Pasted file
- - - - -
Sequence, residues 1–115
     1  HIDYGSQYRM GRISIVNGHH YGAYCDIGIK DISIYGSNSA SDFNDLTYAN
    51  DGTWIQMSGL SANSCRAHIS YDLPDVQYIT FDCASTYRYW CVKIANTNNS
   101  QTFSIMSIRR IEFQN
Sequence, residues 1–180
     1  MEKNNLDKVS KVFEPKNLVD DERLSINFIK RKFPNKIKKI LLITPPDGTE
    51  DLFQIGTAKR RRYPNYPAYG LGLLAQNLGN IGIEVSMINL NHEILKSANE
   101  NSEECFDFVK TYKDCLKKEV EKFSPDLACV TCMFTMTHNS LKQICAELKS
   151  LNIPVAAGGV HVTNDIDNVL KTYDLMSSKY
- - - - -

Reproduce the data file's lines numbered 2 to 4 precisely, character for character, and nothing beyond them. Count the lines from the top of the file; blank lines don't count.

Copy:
     1  HIDYGSQYRM GRISIVNGHH YGAYCDIGIK DISIYGSNSA SDFNDLTYAN
    51  DGTWIQMSGL SANSCRAHIS YDLPDVQYIT FDCASTYRYW CVKIANTNNS
   101  QTFSIMSIRR IEFQN